It Is Autumn in America

The other day, my husband had a doctor's appointment.  I went outside to wait for him and I walked over to a little park.  I watched the morning breeze gently move the last dried leaves clinging tenaciously to the branches of the oak trees. They made the rustling sound that reminded me that soon sound would disappear altogether from the trees.

Trees in winter are silent and stand as a mute witness to the season that just passed.

It was one day before the election.  I stood there looking at the trees and wondering, what season is America in?

The fiery colors in the leaves had given way to a dull brown, dry and ready to fall to the ground at any moment.  The oaks give me an insight to where I believe we are.

The green leaves and the fiery leaves are now dry.  We live a culture where kindness is derided as weakness and bombast and vulgarity (unless it's too specific in its targeting of certain groups) is celebrated as "transgressive" and "edgy."  Certain groups--minorities, women and gays--are to be treated with respect, and rightfully so.  Yet, people of faith can be mocked and excoriated--those who cling to their Bibles and their guns, as our President so tactlessly said.  His words were allowed to stand, because certain groups do not need to be treated respectfully.  Wrongfully so.

No, I am not waxing nostalgic for the "good old days."  The 60's were a time of great upheaval and the social fabric of America was torn.  Some ideas had to go--racial discrimination, women as second-class citizens--but some ideas needed to stay:  respect for differences, and treating others as you would like to be treated.  Yup, the Golden Rule in a nutshell.

We are now in autumn in our country. The leaves will all soon be upon the ground. The post-election anger and rioting is disturbing. The acrimony is overwhelming.

 Jesus spoke about anger and its results: “You have heard that it was said to the people in the old days, ‘You shall not murder’, and anyone who does must stand his trial. But I say to you that anyone who is angry with his brother must stand his trial; anyone who contemptuously calls his brother a fool must face the supreme court; and anyone who looks on his brother as a lost soul is himself heading straight for the fire of destruction." (Matt. 5:22, Phillips)

I love the Phillips translation.  It captures so well where angry words can lead.  Jesus associates anger with murder--wow.  But what you believe, you will act on.  Eventually.  Anger has a habit of building up--like molten lava. Lava bubbling up from the earth builds up the crust.  Anger about sin and its destructive effects can well up inside of us and cause us to right wrongs.  But molten lava, building up over time, will explode and cause great destruction.  Anger that is not channeled into positive action will build up and explode, leaving destruction in its wake and the fundamental problem still unsolved.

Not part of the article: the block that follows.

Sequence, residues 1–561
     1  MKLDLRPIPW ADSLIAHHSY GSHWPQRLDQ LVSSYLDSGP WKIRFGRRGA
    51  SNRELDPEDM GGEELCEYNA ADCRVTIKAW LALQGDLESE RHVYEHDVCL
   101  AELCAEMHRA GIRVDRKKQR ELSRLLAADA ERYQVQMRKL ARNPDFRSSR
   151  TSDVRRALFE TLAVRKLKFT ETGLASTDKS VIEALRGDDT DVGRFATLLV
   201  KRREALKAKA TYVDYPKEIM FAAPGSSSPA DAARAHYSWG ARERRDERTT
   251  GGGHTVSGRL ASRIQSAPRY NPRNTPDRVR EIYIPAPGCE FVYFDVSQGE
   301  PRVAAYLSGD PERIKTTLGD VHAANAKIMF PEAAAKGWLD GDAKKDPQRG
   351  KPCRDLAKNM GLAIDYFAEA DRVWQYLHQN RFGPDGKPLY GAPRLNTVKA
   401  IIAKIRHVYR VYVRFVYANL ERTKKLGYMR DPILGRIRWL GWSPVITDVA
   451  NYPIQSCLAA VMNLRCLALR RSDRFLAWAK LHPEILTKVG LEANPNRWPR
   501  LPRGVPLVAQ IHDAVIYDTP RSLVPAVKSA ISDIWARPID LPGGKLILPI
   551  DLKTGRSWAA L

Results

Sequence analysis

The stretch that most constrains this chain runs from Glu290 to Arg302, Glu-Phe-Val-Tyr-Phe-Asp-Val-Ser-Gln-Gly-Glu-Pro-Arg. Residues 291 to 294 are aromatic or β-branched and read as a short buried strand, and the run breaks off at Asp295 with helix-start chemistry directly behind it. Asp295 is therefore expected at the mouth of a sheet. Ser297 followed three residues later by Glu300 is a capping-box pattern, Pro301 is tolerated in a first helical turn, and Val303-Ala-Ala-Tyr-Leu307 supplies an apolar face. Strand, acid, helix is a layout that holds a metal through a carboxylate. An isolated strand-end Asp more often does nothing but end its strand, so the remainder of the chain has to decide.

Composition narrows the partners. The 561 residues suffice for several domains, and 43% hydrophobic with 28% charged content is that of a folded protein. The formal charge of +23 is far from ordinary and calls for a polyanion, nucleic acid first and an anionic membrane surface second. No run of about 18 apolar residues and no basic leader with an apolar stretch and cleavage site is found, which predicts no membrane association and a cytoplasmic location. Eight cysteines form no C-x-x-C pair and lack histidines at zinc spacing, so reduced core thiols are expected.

The anger I see is explosive and sinister.  Why?  It is divisive and not seeking to unite, but ignite.

Jesus knew all too well the human heart: "But the things that come out of a man’s mouth come from his heart and mind, and it is they that really make a man unclean. For it is from a man’s mind that evil thoughts arise—murder, adultery, lust, theft, perjury and blasphemy." (Matt. 15:17-20 Phillips)

Evil thoughts are not just thoughts--they will eventually lead to action.  Jesus' list of behaviors resulting from evil thoughts is sobering.  They are also a warning.  Any generation, any group, anyone, can become an instrument of hatred.  Ideas can spur us to great good or great evil.

Those oak trees in the park reminded me that after autumn, comes winter.  Winter tests us with its cold winds, snow and rain. The skies are gray day after day, and the sun rarely shines through.  But, in the words scratched upon a wall by a Holocaust victim:

"I believe in the sun, even when it is not shining.

I believe in love, even though I don't feel it.

I believe in God, even when he is silent."

But He is not silent in the winter.  We need to sit at His feet and listen, and not be distracted by the winter storm's howling and the biting cold.  We need to be His hands and feet and bring the only antidote to hate that truly works:  love.  Not mushy, gushy, sin-ignoring love, but the love of Jesus, expressing Himself through us.

Winter leads to spring.  Let this time in our nation be a clarion call to those who follow Jesus to be His voice, His love and His action.  

Spring means renewal and growth.  

Jesus means renewal and growth.







    

Monday, November 7, 2016

Election 2016 versus Eternal Value